Filed under: Election 2008, Local Government and Politics, Strategy and Tactics
From the top-notch electoral analysis site fivethirtyeight.com comes this little tidbit about just why our get out the vote efforts, though certainly different here in Shenandoah County, are absolutely crucial this year:
Twelve to one.
For every twelve voters who you talk to at their doors, one voter goes and votes who would not otherwise have voted. If you’re asking: “how can I be most effective in helping my candidate win the election?” then an organizer’s answer is going to be: knock on doors.
In a Yale study by Donald Green and Alan Gerber on the effects of doorknocking in local elections, they concluded that a conservative estimate was that “12 successful face-to-face contacts translated into one additional vote.”
This figure, moreover, is a conservative estimate. When calculating the effects of actual treatment, we regarded any conversation with a member of the household as a “contact.” Only about half of these conversations occurred directly with a subject in the treatment group; the remainder involved urging a housemate to vote and requesting that this message be passed along to the intended subject. Had we restricted the definition of contact to direct conversations with the subject, the apparent effects of canvassing would have been much greater.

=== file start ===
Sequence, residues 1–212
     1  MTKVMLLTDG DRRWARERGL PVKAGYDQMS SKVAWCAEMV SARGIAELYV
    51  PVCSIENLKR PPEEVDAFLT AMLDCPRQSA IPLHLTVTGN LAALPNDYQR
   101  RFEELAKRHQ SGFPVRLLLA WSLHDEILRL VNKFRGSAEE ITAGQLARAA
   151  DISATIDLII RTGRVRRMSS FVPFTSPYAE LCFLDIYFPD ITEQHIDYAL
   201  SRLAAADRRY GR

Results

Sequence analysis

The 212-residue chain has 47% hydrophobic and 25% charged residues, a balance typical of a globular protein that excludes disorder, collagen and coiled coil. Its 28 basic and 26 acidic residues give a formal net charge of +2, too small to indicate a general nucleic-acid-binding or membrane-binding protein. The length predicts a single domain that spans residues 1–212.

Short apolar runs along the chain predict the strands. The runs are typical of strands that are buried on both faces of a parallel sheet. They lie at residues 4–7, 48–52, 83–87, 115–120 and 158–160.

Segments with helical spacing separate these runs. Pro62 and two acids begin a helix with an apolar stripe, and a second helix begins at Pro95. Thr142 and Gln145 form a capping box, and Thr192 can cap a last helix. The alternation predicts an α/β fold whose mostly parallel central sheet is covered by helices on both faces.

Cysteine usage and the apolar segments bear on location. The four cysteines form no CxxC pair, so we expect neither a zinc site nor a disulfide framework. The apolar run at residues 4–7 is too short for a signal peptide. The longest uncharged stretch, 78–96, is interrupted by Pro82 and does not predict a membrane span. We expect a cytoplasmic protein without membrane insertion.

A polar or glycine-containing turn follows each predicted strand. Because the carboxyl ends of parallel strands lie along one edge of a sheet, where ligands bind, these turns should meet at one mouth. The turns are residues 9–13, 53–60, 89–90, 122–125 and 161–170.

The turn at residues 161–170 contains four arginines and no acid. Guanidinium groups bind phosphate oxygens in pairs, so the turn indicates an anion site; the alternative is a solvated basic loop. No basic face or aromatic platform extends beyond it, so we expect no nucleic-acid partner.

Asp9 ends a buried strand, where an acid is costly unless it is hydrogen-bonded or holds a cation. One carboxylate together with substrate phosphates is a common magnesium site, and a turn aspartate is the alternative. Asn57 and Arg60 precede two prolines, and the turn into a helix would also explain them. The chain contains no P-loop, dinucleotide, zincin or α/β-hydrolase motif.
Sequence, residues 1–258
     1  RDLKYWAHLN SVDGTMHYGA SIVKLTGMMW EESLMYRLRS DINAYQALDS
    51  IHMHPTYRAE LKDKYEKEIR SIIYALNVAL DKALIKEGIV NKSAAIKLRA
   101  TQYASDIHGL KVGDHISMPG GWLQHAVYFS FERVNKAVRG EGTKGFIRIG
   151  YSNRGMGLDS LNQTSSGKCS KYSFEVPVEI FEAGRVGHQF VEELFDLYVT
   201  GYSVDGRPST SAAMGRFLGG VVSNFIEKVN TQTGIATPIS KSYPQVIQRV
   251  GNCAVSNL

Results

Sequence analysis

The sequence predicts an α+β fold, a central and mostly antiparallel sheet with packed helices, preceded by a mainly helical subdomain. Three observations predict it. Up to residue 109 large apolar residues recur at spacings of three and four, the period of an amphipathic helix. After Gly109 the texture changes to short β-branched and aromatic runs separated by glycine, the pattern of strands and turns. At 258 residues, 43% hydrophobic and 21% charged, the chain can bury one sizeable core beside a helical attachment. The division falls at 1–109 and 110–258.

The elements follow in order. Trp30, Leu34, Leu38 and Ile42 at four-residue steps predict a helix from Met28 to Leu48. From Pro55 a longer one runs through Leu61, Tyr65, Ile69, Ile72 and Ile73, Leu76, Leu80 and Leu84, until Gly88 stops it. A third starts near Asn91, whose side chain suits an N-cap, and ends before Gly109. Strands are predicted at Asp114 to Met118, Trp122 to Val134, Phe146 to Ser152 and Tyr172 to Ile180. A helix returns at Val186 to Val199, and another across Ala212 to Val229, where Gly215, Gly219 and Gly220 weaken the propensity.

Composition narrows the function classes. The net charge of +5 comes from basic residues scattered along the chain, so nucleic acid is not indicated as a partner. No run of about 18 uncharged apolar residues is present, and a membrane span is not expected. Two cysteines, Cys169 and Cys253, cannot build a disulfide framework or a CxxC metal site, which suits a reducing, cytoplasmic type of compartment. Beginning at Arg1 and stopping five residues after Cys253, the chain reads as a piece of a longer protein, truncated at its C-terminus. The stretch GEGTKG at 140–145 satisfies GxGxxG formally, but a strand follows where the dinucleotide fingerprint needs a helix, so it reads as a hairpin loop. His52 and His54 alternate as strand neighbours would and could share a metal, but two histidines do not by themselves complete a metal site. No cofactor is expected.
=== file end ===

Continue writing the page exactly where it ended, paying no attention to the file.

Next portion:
Although the study aimed at local elections, the principle is sound. Face-to-face contact is the single most important effort a volunteer can contribute to his or her candidate.
Let’s do a little math. 12 face-to-face contacts is one new voter who would not have otherwise voted that you personally generated. You just doubled your own vote by speaking at the door to twelve voters. Of course, then it comes down to contact rate — how often is the person home that you’re trying to reach. A very low contact rate is probably 10%, and that happens. A very high contact rate can be 50%. Average is in the 25% ballpark. On average, you’d have to knock on 48 doors to generate 12 face-to-face contacts and one additional vote. 48 doors is a pretty standard, approximate walk list.
So if you go out one four-hour walk shift every weekend between now and the election, you’ve generated — on average — six extra votes from people who would not otherwise have voted for your candidate.
For those of you who still refuse to believe, here is the full study. Studies exist out there for phones and direct mail as well.
I’ve been saying it for four years, and I’ll say it again: Face to face contact with voters matter. Campaigning is a two part process: the campaigns use mass media (including the press and paid media, like radio and cable ads) to make the case for their candidate, but its the priority of the grassroots to make sure that people get out there and vote once the case has been made. Phones are a little less effective, but the studies show: outreach works, and it matters.
If you want to help make a major difference in this race, join as at 10 A.M. and again at 3 p.m. for Door to Door in Strasburg. We’ll meet at our headquarters at 183 E. King Street. We’ll try to make it out rain or shine–ponchos will be provided.
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